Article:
Secondly it was achieved by essentially a young team which of course gave rise to be optimistic about the immediate future of the game in the country. After a disappointing outing at the Rio Olympics the team was rebuilt under the new chief coach Sjoerd Marijne who replaced Roelant Oltmans during the year. With the World Cup, Asian Games and Commonwealth Games all slated to be held next year it was important to end the year on a heartening note.

In tennis the focus was on the Indian team trying to qualify for the -World Group but as in so many years in the past this final tough step just eluded the squad. They lost narrowly 3-2 to Canada at Edmonton but the result raised hopes that India would make it to the prestigious World Group sooner rather than later. The promise of Ramkumar Ramanathan and Yuki Bhambri was there for all to see and as team captain Mahesh Bhupathi put it ''the two should be in the top 100 sometime next year’’. Also with Syketh Myneni and Rohan Bopanna around India certainly have a squad that can claw back into the World Group ere long.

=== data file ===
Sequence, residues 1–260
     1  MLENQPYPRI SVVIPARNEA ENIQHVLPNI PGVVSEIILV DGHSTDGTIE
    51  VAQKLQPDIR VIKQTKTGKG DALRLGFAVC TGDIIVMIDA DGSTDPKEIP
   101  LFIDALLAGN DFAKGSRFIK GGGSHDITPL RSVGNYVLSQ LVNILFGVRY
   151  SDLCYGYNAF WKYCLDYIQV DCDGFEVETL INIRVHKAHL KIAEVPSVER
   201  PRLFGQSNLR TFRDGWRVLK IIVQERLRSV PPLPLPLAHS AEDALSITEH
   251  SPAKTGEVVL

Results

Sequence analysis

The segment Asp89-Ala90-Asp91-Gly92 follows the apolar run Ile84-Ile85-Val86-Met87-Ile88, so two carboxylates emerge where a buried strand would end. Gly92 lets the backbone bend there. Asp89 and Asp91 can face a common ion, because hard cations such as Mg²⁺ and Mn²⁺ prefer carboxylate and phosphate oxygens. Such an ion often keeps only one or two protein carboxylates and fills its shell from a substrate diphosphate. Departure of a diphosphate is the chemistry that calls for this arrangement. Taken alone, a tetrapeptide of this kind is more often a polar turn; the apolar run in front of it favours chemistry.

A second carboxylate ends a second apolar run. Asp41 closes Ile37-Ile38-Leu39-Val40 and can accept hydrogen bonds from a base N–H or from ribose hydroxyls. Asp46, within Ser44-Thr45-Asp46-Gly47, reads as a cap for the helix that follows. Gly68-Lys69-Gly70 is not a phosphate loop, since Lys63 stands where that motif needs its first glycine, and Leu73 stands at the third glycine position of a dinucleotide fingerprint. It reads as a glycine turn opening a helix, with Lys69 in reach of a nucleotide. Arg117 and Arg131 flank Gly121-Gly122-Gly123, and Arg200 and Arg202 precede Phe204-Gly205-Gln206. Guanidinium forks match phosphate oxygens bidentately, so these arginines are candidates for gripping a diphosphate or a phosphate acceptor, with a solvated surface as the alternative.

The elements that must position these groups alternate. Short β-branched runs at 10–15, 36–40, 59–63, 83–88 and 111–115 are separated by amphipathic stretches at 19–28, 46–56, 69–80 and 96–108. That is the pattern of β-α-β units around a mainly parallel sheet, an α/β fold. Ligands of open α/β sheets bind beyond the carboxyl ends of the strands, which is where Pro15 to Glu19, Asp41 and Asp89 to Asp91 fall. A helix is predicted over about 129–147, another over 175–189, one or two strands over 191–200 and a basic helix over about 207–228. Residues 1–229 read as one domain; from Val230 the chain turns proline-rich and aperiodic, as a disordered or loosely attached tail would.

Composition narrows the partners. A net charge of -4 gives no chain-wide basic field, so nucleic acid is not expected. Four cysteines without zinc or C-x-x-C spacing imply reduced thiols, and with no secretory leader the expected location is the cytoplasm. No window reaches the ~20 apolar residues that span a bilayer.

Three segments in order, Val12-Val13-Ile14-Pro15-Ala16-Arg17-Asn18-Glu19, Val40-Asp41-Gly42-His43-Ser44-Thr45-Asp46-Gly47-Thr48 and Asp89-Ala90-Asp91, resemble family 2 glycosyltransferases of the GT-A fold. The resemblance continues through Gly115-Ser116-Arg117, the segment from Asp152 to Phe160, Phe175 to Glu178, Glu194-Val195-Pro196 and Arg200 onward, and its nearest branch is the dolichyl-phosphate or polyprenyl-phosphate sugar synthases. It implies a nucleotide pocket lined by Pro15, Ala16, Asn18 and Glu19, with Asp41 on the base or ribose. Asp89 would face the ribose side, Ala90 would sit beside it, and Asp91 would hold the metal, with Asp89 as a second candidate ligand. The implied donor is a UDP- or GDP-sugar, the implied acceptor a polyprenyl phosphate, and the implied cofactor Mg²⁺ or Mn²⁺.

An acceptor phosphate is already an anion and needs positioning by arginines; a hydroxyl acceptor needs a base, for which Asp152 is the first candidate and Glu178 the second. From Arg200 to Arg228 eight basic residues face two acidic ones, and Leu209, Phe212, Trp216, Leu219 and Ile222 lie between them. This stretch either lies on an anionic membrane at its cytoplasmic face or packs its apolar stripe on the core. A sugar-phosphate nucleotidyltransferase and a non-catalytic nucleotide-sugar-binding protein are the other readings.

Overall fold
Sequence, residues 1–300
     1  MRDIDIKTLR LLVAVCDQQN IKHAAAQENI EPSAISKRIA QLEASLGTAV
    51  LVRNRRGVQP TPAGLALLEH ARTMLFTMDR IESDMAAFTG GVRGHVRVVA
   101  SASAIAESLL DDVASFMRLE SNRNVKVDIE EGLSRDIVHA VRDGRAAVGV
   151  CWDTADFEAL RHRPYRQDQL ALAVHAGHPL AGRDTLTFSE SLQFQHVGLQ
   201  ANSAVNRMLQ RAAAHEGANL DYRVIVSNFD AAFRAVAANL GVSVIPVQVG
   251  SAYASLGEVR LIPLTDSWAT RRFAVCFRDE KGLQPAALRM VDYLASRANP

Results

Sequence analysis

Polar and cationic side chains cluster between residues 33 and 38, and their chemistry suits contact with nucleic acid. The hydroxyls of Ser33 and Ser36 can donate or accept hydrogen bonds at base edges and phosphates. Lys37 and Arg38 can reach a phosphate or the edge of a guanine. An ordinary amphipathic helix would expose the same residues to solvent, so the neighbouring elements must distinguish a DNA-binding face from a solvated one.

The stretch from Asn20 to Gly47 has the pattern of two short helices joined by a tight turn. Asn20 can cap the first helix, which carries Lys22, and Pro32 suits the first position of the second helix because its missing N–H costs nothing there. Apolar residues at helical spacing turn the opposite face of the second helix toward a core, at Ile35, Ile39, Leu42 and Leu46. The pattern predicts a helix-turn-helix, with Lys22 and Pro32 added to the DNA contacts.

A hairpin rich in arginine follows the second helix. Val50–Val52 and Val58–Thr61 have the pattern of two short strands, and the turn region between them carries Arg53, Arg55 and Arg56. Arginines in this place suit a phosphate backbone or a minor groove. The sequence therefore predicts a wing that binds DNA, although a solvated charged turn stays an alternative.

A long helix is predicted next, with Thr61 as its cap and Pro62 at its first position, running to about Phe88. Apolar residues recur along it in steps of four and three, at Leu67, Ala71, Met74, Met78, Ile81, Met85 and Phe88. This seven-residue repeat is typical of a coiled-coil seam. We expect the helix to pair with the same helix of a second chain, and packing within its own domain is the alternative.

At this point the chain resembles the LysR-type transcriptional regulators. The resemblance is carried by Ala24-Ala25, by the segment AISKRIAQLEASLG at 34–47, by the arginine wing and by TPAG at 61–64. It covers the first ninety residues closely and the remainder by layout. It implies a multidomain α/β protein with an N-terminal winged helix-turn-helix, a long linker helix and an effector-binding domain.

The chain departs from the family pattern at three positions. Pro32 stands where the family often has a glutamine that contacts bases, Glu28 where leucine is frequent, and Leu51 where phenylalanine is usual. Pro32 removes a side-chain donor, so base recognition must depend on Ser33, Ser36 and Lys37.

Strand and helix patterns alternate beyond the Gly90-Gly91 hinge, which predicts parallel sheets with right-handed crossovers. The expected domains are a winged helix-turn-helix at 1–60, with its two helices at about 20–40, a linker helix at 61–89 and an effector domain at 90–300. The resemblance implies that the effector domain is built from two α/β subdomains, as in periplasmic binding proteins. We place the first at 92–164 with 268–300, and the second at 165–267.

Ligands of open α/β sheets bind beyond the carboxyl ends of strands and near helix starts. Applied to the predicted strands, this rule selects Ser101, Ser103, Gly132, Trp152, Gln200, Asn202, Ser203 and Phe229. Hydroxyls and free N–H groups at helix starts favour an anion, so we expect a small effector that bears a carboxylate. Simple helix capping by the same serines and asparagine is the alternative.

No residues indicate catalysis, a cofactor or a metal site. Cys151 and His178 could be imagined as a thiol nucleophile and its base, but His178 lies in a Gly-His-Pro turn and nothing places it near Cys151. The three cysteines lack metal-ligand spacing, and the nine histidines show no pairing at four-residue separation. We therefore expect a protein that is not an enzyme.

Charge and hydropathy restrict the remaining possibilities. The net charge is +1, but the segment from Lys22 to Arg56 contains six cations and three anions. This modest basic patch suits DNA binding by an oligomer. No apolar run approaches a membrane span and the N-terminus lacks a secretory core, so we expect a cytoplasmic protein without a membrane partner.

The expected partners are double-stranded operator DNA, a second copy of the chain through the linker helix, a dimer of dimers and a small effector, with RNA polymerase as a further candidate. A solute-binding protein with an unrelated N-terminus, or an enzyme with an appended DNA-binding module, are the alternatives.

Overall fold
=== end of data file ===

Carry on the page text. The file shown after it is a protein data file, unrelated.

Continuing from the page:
Badminton of course continued to be the focus of interest among numerous Indian sports lovers and it was just because of the exploits of PV Sindhu and Saina Nehwal. The men players too joined them in winning Super Series titles and rising up the IBF rankings and by year end the sport enjoyed unprecedented popularity even as Indian players were rated as among the best in the world. Led by Kidambi Srikanth who rose to be world No 2 the men showed that they could hold their own against higher ranked players from superpower countries in various Super Series competitions and the result was the best phase in the history of Indian badminton.

Yes, there was one Prakash Padukone in the 80s and one Pullela Gopichand almost 20 years later but never before has a five man army from India descended on the international badminton scene so successfully. Epitomizing this has been the success story of Srikanth who in November won back to back Super Series titles with the Denmark Open and the French Open. Astonishingly it was the second time during the year that the 25-year -old from Hyderabad performed this feat.

In June he had won consecutive Super Series titles at the Indonesian Open and the Australian Open. With four titles for the year he surpassed the record of Nehwal who was the first Indian to win three Super Series titles in 2010. The depth in Indian badminton is underlined by the fact that in June there were three players in the top 15. By September there were five in the top 20 with HS Prannoy, Sai Praneeth, Sameer Verma and Ajay Jayaram joining Srikanth in the top rung.